Federal regulators on Thursday ordered Chase Bank and JPMorgan Chase to refund $309 million to more than 2 million customers for illegally billing them for credit-monitoring services they never received.
Chase also must pay $80 million in fines, submit to an independent audit, and strengthen oversight of third-party vendors who manage credit card “add-on” products that promise to protect customers from identity theft and fraud.
The Consumer Financial Protection Bureau took action after an investigation revealed that Chase unfairly charged many customers for the add-on services without or before receiving the customers’ written authorization between October 2005 and June 2012.
Some customers paid monthly fees of between $7.99 and $11.99 for several years even though the add-on services they’d been promised were not performed, according to the bureau.
If the fees caused the customers to exceed their credit limits, they were charged additional fees and interest, the bureau said.
“This enforcement action guarantees an end to these unfair billing practices and requires that Chase completely repay those consumers who were wrongly charged,” Richard Cordray, director of the bureau, said in a statement.
Customers already should have received full repayment, plus interest, either as a direct deposit into their accounts or by check in the mail.
Anyone who thinks they are eligible for a refund but did not receive one should contact Chase.
The bank stopped signing up new customers for the add-on products in mid-2012 and will fully exit them by the end of this year, said Bill Wallace, head of operations for consumer and community banking for Chase.
“Any mistakes like these are regrettable and we are committed to ensuring our partners and vendors hold themselves to the same high standards that our customers expect of us,” Wallace said in a statement.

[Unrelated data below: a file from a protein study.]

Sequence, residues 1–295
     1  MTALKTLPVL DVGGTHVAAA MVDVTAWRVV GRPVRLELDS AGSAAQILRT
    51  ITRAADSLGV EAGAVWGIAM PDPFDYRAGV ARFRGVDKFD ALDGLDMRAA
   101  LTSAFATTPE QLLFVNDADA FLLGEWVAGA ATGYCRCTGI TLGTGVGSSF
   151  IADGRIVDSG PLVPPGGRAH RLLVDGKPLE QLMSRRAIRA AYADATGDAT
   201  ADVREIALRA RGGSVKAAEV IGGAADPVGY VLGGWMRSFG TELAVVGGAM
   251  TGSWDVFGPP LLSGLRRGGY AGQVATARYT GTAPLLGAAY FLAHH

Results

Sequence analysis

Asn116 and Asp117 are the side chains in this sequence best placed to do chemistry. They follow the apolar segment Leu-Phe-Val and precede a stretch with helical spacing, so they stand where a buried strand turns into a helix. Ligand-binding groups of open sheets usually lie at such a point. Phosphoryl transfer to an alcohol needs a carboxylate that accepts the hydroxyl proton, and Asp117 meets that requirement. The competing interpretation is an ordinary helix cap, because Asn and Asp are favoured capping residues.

Consumers should be wary of deceptive offers for overpriced credit card add-ons that don’t stop identity theft or raise your credit score, said Ed Mierzwinski, consumer program director for U.S. PIRG, an advocacy group.
“No matter where you bank, all consumers should check their credit card and checking account statements for recurring $10.99-$19.99 monthly fees for ‘identity protection’ or ‘credit monitoring,’” Mierzwinski said. “Cancel, demand a refund and complain to the (Consumer Financial Protection Bureau).”
Instead of buying add-ons, Mierzwinski said, consumers should check their credit reports at annualcreditreport.com, which offers free credit report monitoring.
Also Thursday, British and American regulators announced that JPMorgan Chase & Co. had admitted wrongdoing and agreed to pay nearly $1 billion in penalties for unsafe derivatives trading practices that resulted in $6 billion in losses for the bank in 2012, a debacle nicknamed “The London Whale.”
In another enforcement action Thursday, the company received a cease-and-desist order from the U.S. Office of the Comptroller of the Currency for using improper procedures to collect debt from customers of its credit card, auto-lending and student-lending services, as well as from military service members.
The comptroller ordered the bank to review all debt collection litigation and accounts from the past few years in order to identify affected customers and to submit a plan to remediate them.